In accordance with the Paperwork Reduction Act of 1995 (44 U.S.C. Chapter 35), the Order's information collection requirements have been previously approved by OMB and assigned OMB No. 0581-0178 (Vegetable and Specialty Crops). No changes in those requirements because of this action would be necessary. Should any changes become necessary, they would be submitted to OMB for approval.
As with all Federal marketing order programs, reports and forms are periodically reviewed to reduce information requirements and duplication by industry and public sector agencies. In addition, USDA has not identified any relevant Federal rules that duplicate, overlap, or conflict with this rule.
AMS is committed to complying with the E-Government Act, to promote the use of the internet and other information technologies to provide increased opportunities for citizen access to Government information and services, and for other purposes.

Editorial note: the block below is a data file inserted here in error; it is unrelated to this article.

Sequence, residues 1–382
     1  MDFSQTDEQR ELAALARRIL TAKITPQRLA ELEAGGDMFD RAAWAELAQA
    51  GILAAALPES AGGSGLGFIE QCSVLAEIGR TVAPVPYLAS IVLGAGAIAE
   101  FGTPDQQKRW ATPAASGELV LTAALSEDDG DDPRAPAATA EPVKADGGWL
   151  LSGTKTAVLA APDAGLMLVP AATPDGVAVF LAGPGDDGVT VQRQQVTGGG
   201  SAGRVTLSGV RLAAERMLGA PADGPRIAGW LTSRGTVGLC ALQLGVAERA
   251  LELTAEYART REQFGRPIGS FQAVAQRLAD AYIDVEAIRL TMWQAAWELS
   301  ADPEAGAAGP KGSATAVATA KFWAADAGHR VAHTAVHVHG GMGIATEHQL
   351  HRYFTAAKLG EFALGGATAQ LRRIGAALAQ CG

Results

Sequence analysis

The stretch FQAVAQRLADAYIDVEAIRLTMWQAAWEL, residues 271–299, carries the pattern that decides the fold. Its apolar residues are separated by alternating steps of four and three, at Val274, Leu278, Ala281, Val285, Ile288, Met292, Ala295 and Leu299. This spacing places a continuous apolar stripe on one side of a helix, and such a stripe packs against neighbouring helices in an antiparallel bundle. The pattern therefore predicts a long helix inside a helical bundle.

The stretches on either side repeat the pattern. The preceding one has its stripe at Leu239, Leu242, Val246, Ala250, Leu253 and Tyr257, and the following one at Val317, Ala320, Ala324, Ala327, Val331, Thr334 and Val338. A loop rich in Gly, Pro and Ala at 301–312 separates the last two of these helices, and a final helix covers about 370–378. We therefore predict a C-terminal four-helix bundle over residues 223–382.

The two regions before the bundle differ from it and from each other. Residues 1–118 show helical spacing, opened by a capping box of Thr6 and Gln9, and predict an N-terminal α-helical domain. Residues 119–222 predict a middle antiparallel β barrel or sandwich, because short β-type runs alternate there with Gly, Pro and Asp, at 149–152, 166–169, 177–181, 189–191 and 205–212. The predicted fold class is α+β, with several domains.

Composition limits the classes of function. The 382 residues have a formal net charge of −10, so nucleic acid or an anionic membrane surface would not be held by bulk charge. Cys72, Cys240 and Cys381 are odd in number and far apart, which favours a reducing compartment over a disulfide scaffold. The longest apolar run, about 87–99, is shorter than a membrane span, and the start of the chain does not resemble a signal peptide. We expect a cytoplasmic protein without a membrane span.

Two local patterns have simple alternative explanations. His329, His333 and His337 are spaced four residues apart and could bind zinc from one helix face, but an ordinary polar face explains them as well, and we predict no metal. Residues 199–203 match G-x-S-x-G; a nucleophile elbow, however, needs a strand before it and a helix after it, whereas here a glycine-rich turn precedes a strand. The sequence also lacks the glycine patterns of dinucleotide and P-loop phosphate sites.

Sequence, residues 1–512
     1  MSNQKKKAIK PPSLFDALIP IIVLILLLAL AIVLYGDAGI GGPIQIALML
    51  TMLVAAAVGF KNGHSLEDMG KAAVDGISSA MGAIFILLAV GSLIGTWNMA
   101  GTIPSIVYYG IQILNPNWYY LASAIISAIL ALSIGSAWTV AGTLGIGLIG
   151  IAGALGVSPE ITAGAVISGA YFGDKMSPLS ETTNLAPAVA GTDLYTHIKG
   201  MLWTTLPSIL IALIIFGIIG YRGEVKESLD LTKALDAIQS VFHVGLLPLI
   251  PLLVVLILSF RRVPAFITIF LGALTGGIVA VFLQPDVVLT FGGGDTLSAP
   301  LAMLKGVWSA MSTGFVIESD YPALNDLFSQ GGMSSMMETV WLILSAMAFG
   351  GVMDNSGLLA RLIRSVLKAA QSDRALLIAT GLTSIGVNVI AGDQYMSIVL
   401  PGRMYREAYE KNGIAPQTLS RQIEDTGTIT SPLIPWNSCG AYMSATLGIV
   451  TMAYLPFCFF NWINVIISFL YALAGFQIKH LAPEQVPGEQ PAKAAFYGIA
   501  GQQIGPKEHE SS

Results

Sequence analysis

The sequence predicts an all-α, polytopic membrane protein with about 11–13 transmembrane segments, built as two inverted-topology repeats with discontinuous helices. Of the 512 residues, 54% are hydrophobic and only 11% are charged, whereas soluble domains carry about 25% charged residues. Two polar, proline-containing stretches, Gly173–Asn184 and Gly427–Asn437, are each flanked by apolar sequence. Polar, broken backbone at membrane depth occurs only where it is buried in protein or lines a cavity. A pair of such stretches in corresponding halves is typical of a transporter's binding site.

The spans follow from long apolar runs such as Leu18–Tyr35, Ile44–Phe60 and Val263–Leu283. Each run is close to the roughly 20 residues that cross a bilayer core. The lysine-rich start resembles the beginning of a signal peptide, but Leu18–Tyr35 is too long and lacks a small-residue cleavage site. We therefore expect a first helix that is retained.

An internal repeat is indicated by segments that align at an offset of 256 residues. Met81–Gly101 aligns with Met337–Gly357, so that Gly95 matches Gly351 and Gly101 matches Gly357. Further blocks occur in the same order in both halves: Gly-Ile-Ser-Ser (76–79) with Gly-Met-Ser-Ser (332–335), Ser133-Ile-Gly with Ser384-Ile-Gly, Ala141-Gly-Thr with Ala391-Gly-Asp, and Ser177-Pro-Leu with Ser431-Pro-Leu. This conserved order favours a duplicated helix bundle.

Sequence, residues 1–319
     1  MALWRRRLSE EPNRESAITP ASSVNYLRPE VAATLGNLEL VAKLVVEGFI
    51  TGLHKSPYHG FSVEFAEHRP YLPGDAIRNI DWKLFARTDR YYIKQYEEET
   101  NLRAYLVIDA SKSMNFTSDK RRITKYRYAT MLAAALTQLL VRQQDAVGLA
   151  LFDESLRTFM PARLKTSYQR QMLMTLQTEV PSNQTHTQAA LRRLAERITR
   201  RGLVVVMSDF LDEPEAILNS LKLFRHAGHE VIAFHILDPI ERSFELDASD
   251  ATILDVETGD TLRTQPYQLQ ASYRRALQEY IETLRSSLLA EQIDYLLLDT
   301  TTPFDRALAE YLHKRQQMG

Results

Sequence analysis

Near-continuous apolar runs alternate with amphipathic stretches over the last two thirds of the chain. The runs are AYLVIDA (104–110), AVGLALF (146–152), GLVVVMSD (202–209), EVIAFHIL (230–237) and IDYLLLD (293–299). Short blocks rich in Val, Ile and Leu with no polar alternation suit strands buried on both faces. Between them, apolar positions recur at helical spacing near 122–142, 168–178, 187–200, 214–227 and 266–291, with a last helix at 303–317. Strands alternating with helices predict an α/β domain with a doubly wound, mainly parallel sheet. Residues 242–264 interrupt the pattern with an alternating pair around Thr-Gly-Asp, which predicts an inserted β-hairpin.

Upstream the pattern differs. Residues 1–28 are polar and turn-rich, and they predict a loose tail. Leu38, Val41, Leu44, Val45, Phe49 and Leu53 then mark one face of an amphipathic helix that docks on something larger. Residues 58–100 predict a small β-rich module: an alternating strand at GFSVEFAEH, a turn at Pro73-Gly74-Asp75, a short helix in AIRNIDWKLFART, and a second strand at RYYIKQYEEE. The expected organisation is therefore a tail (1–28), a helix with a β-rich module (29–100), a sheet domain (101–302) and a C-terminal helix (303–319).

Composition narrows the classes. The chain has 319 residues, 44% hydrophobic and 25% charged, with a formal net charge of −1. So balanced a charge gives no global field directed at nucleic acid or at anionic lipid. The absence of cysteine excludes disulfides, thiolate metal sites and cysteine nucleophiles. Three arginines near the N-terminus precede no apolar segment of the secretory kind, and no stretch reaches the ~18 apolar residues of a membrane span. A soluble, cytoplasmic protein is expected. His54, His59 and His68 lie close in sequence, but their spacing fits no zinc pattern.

The Board's meeting was widely publicized throughout the almond industry. All interested persons were invited to attend the meeting and encouraged to participate in Board deliberations on all issues. Like all Board meetings, the December 4, 2017, meeting was public, and all entities, both large and small, were encouraged to express their views on these proposals.
A proposed rule concerning this action was published in the Federal Register on July 6, 2018 (83 FR 31473). Copies of the proposed rule were sent via email to all Board members and almond handlers. Finally, the rule was made available through the internet by USDA and the Office of the Federal Register. A 60-day comment period ending September 4, 2018, was provided to allow interested persons to respond to the proposal. One comment was received, but it did not pertain to this proposal; therefore, no changes were made to the proposed amendments.